8. Anita says:

    Gordon: I read the Berg book years ago and loved it. Also the letters of Max Perkins are quite wonderful.

  9. Amit Eshet says:

    This book is really magically written. The story drives me to the oher world in some places. Thanks a lot for writing this mesmorizing blog.

  10. Helen Frost says:

    love this book, and love what you say about it, Anita.

  11. This book is one that pulls the reader in immediately. I appreciate the insights and page turning style.

  12. G. Perry says:

    At long last, I got this read. I had seen only a portion of the film which didn’t help my understanding of the book.

    Now that I’ve read it, I have to say it is a shockingly beautiful book. I am still thunderstruck by the whole thing.

    The multiple core idea of this book was such a surprise to me.

    And another thing. I’m fairly science literate, and yet the author left me absolutely fantasizing about it’s possibility.

    Great book. I’ll buy it.

  13. Anita says:

    Gordon — every time I pick this up, I am amazed by what he has done in the book. The beauty of it takes my breath away.

  14. Jean Brodahl says:

    Oh, Anita…I gasped when I saw this. How did I miss this one from you in 2011? I was a busy elementary librarian when I found this book, but will never forget its impact. For me, when I can see scenes from a book in my head, it’s great, but when it can make me FEEL the emotion it brought me all these years later…that makes it important, special, and unforgettable. This book is a confirmation that there is something out there that we cannot explain…it’s how I define faith and spirituality. It’s the same feeling I get when I see beautiful birds in flight, knowing this is my Mama watching over me and touching me with her love. I will recommend this to hubby who has become an avid reader in his retirement, I know he will love it. Thank you, Anita, for the reminder of this haunting, beautiful book.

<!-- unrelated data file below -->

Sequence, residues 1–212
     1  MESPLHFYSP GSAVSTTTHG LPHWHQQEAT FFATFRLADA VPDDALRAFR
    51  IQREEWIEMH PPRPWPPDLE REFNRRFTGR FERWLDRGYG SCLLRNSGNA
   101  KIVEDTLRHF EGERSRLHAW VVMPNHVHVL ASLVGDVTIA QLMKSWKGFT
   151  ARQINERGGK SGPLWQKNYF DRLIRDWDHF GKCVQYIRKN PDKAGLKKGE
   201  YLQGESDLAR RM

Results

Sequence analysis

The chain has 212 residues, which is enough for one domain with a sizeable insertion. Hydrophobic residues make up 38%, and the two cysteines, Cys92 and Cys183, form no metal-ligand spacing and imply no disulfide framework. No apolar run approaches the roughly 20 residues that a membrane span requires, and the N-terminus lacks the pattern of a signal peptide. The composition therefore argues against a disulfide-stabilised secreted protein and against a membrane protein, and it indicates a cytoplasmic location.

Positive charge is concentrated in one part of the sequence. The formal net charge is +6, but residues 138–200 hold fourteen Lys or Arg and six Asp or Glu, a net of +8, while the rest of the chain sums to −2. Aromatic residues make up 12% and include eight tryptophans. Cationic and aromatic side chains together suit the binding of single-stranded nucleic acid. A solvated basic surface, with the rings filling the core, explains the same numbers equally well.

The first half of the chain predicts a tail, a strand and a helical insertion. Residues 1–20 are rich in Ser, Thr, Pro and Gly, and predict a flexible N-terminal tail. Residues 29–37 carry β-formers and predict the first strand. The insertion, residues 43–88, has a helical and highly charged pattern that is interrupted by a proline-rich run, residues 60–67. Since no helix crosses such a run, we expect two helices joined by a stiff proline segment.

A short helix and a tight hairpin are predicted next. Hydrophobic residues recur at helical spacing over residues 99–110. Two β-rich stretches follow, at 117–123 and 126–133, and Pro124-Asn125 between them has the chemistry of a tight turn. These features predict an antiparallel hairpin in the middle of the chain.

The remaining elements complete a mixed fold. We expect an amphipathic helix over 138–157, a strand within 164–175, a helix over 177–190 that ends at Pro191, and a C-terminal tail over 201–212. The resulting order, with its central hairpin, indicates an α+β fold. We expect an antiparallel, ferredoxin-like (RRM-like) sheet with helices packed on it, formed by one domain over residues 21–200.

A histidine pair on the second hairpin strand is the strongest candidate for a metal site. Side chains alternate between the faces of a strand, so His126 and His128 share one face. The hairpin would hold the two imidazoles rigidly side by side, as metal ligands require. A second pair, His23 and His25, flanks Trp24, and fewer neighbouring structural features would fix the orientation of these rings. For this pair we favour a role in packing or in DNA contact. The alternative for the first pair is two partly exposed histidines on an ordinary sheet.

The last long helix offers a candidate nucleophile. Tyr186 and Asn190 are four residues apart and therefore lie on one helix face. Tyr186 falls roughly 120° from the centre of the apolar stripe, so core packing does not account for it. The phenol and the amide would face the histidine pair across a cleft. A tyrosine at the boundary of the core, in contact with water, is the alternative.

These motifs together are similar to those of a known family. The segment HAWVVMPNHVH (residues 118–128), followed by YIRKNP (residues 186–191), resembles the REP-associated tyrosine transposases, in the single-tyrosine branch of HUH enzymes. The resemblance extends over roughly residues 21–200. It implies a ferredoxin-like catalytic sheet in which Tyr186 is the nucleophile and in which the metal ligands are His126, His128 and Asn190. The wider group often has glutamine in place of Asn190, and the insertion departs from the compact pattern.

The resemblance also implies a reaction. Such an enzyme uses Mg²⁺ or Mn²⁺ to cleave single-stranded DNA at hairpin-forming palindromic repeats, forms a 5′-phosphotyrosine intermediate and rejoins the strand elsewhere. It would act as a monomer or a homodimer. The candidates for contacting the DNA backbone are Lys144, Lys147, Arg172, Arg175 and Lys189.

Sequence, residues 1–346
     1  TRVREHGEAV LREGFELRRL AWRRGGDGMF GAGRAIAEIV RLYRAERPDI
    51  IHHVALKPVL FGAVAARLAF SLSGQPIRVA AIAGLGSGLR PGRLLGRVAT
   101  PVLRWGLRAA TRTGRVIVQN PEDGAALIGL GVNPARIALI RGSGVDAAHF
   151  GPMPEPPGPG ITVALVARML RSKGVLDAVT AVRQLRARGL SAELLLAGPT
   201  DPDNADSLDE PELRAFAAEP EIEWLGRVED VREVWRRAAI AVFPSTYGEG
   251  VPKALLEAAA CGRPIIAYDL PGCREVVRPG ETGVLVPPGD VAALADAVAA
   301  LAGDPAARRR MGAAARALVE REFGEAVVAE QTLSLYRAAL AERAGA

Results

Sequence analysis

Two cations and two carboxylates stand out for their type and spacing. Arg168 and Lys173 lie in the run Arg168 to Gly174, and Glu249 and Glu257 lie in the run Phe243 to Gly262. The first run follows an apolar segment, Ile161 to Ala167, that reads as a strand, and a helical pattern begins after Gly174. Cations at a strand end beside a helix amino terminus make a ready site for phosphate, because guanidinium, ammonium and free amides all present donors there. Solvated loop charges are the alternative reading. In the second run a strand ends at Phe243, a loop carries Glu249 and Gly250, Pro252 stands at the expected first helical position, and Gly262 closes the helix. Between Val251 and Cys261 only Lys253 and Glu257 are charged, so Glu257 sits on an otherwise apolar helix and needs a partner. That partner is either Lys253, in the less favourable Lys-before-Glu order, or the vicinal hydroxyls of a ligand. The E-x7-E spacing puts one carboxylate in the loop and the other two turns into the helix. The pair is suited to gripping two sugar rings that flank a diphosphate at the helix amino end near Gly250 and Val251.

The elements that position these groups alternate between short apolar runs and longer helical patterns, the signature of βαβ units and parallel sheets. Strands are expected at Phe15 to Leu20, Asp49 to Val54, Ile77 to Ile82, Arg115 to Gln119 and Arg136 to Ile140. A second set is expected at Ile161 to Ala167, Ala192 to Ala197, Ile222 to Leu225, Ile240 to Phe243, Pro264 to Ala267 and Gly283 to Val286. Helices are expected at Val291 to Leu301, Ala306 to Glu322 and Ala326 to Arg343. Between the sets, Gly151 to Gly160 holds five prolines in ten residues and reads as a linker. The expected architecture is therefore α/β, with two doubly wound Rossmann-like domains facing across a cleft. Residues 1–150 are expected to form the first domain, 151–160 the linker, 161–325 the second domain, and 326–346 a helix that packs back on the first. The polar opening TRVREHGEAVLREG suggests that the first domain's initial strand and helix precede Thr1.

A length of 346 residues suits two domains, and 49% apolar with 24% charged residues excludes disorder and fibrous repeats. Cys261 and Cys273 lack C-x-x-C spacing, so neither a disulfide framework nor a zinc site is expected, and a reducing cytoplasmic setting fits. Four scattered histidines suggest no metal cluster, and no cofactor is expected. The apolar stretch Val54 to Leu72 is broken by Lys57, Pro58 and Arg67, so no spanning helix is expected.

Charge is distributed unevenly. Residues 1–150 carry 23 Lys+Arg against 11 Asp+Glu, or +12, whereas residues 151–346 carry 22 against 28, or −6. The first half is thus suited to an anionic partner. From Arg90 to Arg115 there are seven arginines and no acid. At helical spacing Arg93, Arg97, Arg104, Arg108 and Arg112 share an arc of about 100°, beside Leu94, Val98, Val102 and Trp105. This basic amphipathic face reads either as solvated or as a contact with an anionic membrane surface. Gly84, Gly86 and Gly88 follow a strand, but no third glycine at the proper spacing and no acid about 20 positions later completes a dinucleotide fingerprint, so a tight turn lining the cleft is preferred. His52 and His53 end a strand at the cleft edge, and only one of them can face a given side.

Leave a Comment

Daily children’s book recommendations and events from Anita Silvey.

Discover the stories behind the children’s book classics . . .

The new books on their way to becoming classics . . .

And events from the world of children’s books—and the world at large.